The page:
Enacting Equity and Inclusion: Allyship as Lived Practice
Forces of Change
Start Day and Time
Sunday May 7 4-5:15 p.m.
Venue and Meeting Room
232 America's Center
Engaging in diversity and inclusion as a conscious practice requires one to be brave-to recognize one's privilege, understand how systems of oppression operate in museums, and take responsibility for changing those systems. Such intentional work is necessary if museums are to maintain their relevance and to leverage their power to address social inequality in their communities. Learn guiding principles of how to be an ally, tools for individual reflection and collective dialogue, and intentional practices to effect institutional change.
- Learn to apply the guiding principles of how to be an ally to your work through concrete actions.
- Learn to reflect on privilege and power as individuals and as museums, and to create opportunities for collective dialogue.
- Learn to work internally with colleagues and externally with communities to address social issues in a genuine and intentional way.
Doctoral Candidate, Department of Art History
University of Illinois at Chicago
Alyssa Greenberg is a doctoral candidate in the Department of Art History at the University of Illinois at Chicago and a recipient of the University Fellowship and the Dean's Scholar Award. Her research interests include museum pedagogy and the museum as a site of activism. She currently serves on the leadership committee for Chicago Emerging Museum Professionals and is a founding member of Museum Workers Speak.
Museum of Modern Art
Keonna Hendrick is a cultural strategist, educator and author who promotes critical thinking, self-actualization, and cultural equity. Keonna currently manages ArtsConnection's Teen Reviewers and Critics Program. She is the co-creator of multicultural critical reflective practice, a professional development model she shares in museums and classrooms nationally, including Museum of Modern Art, Brooklyn Museum and the Crow Collection of Asian Art.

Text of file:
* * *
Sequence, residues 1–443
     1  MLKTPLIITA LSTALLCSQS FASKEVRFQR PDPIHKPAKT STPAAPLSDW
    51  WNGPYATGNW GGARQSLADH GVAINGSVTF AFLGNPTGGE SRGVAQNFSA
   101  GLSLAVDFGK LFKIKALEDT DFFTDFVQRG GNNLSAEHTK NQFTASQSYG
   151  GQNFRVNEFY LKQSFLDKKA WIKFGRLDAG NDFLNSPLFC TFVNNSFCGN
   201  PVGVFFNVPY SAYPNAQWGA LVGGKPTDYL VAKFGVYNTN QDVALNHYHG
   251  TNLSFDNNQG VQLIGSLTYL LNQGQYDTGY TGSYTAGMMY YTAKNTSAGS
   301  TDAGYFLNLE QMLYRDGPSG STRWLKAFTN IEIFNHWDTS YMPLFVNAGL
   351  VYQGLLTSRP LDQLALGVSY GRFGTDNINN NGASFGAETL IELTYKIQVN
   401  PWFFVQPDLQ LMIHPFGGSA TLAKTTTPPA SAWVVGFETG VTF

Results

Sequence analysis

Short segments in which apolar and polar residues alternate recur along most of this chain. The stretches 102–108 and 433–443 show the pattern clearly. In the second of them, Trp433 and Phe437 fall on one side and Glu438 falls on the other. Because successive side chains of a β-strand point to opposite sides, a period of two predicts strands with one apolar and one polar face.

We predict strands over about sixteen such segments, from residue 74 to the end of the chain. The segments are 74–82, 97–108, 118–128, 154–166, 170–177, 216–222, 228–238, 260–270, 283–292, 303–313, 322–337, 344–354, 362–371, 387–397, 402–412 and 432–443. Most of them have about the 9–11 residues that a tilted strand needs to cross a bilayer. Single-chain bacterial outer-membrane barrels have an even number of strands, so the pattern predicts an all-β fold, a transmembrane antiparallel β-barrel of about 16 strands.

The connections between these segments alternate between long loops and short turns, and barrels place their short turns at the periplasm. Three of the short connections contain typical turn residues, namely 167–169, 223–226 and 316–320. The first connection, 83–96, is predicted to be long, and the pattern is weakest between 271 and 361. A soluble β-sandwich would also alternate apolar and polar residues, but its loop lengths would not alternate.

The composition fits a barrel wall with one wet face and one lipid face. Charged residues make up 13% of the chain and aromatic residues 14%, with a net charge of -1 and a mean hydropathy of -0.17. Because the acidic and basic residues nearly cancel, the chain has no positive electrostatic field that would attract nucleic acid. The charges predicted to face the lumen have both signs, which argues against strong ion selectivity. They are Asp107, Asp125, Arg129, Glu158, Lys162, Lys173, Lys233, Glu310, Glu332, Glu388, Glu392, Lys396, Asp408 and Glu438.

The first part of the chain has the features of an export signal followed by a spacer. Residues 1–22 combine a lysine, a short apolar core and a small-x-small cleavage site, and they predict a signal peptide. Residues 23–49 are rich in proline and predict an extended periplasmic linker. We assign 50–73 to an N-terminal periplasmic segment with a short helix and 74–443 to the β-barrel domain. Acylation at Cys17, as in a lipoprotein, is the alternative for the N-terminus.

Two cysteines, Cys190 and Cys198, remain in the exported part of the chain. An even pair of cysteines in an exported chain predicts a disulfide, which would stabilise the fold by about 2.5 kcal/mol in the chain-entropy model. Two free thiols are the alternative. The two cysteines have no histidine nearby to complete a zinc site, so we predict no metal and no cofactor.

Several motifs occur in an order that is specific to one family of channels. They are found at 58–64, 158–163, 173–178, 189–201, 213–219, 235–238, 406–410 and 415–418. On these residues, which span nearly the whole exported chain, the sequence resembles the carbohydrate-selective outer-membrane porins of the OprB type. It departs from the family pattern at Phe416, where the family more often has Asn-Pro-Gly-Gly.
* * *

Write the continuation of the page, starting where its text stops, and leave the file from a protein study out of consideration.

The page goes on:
Syrus Marcus Ware is a doctoral candidate in the Faculty of Environmental Studies at York University. He is a visual artist, community activist, researcher, educator, and Program Coordinator, Youth Programs at the Art Gallery of Ontario. He co-edited the Journal of Museum Education 2009 issue, Building Diversity in Museums". He holds degrees in Art History, Visual Studies and a Masters in Sociology and Equity Studies, University of Toronto."
Royal Ontario Museum
Wendy Ng is Manager, Learning at the Royal Ontario Museum. For fifteen years, diversity, equity, and inclusion have been a conscious practice in her work with students and teachers at the Art Gallery of Ontario, US Holocaust Memorial Museum, National Gallery of Art, and Science Museum. She holds a BFA and BEd from York University, a MAT in Museum Education from George Washington University, and is certified by the Ontario College of Teachers.